You can use a little vinegar, but you don’t have to. Many potters use vinegar when making slips. The vinegar is a flocculant. It helps the clay flock together and makes it stickier.
Vinegar also has antifungal properties, which can help to prevent mold from growing in the slip when stored for a long time.
There is also a recipe for slip used to join your clay pieces together that I received from Martha Grover at Clay Con West in January. It’s a simple recipe.
- A pint container, 4 sheets of toilet paper, white vinegar, and clay
- Using an emersion blender, mix the pulp
- Place broken-up pieces of bone dry clay in the container
- And mix into a paste
- Let it sit overnight
- The vinegar will foam up
- Mix it again
The vinegar act as a flocculant, helping to bond the clay together. You want to make sure you are using the same clay body as the clay you are working with.
You can use the slip for scoring and slipping when attaching clay pieces together. You can also use it for filling in cracks before you bisque fire.
6 Can You Use Fresh Clay to Make Slip if You Don’t Have Any Old Dried Clay?
While older bits and scrapes of clay are typically used to make slip, you can still slice off pieces of Fresh Clay and dry them out. Then break them up and make slip.
This process is just fine for those who do not have any scraps of clay on hand.
7 Can You Make Slip With Wet Clay?
I would not recommend making slip with wet clay. It takes a long time because wet clay does not absorb water as fast as dry clay does.
When I tried, I didn’t fare very well. I mixed and mixed and mixed some more. When I was tired of mixing, I tried putting it through a strainer that didn’t help either. All I remember creating was a mess.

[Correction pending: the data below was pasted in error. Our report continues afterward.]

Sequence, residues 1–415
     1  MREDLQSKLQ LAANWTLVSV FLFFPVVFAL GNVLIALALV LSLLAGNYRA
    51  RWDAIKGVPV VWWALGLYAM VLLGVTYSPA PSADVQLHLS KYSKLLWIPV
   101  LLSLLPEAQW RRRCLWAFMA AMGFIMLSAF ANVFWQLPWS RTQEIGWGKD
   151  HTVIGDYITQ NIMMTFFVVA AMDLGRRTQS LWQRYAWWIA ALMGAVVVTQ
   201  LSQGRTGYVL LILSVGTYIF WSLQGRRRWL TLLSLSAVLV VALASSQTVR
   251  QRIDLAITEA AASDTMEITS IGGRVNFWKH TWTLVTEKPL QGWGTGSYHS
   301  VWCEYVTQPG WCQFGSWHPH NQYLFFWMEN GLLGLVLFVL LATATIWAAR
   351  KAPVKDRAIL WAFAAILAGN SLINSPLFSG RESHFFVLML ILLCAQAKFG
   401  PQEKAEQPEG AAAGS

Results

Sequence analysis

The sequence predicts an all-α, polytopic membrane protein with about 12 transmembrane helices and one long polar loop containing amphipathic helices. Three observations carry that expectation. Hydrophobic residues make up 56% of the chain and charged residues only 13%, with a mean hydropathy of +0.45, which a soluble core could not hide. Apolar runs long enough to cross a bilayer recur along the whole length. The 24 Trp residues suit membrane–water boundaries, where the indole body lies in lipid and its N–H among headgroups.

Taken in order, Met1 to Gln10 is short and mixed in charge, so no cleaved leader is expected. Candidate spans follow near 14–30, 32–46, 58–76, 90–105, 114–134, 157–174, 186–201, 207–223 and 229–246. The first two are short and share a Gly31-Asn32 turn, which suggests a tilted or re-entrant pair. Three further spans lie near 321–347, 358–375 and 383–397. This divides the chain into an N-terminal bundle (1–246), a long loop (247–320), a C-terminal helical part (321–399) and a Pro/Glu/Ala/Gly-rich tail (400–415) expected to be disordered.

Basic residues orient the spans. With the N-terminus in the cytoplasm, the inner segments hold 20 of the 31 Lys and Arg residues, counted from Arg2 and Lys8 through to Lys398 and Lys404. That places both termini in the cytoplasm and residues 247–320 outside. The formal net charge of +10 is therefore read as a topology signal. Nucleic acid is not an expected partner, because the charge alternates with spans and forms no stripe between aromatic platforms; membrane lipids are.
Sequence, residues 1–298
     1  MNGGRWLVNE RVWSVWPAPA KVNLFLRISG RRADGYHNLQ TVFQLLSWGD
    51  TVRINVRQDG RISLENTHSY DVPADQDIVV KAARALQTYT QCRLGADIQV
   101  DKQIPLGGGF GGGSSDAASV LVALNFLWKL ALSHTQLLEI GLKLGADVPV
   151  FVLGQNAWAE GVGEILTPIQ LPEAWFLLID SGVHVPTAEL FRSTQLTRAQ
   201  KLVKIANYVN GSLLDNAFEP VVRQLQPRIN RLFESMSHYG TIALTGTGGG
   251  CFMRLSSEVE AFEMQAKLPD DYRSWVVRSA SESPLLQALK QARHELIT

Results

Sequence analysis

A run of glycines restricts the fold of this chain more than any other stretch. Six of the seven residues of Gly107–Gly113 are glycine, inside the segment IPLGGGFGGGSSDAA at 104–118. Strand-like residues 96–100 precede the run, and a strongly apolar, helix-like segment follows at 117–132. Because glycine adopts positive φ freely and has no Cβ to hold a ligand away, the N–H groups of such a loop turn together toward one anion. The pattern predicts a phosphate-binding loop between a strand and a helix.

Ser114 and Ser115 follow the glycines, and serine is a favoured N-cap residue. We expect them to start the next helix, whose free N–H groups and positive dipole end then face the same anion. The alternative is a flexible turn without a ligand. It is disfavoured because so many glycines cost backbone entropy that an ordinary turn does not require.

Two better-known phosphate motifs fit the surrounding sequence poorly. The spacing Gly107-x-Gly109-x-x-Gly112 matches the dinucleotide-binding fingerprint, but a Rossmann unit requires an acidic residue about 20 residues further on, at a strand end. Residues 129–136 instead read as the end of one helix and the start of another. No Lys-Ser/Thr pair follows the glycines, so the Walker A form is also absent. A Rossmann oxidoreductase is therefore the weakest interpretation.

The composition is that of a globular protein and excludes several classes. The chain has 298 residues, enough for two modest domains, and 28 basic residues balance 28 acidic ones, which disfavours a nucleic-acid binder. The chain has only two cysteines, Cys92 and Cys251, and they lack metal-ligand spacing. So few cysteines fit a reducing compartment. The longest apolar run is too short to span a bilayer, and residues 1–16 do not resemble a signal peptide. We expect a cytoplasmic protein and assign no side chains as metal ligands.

When making slip, make sure the Clay is Bone Dry. Otherwise, you’ll be mixing for a long time.
8 How Do You Make Colored Slips for Decorating Pottery?
Making colored slip clay is fairly easy. Start by adding water to broken up bone-dry clay. The smaller the pieces, the better. You can add more or less water to create thinner or thicker slips as needed.
Then add Mason Stains or oxides to create different colors. Blend it all together and put it through a Strainer.
Here is a step-by-step video on How to make Colored Slip.
9 Could You Add Mason Stain to the Water Before You Add the Water to the Clay Slip?
I personally like to get the consistency of the Clay Slip right before I add the colorant.
If I would add water to the colorant first, I may not need all the colored water, so it makes sense to get the thickness and amount of slip first, then add the colorant.
After I make my colored Slip, I know how much mason stain to add. I can then double or triple the recipe, and the color will be the same.
This is important if I have a project that may need more slip of the same color.
10 Can You Add Mica Instead Of Mason Stain To Slip?
Mica is a shimmery refractory mineral that can withstand temperatures only around 1422°F (772°C), That would be (cone 016) so I wouldn’t recommend firing higher than that.
Mica has been used in Raku firing because Raku firing is done at lower temperatures. Mica added to a slip will often crawl during firing, creating a textured surface and producing some interesting effects.
So, if you are interested in experimenting with mica in your Raku fired pieces, go ahead and give it a try!
11 Do I Need a Coat of Transparent Glaze Over My Slip Decoration?
You don’t have to if it’s a decorative piece of pottery. Or, if you are using high fire clay and fire in the Kiln, to vitrification Cone 10 (2345℉ or 1285℃ ) or higher, making the clay waterproof and food safe.
If your clay is not high-fired to vitrification, and you don’t want to glaze your slip decoration but want your vessel to be waterproof, you only need to glaze the inside. After bisque firing it.
If you want to put a glossy shine on your slip, enhance the color, or add more durability and protection to your pottery, then applying a coat or two of Clear Glaze may be the way to go.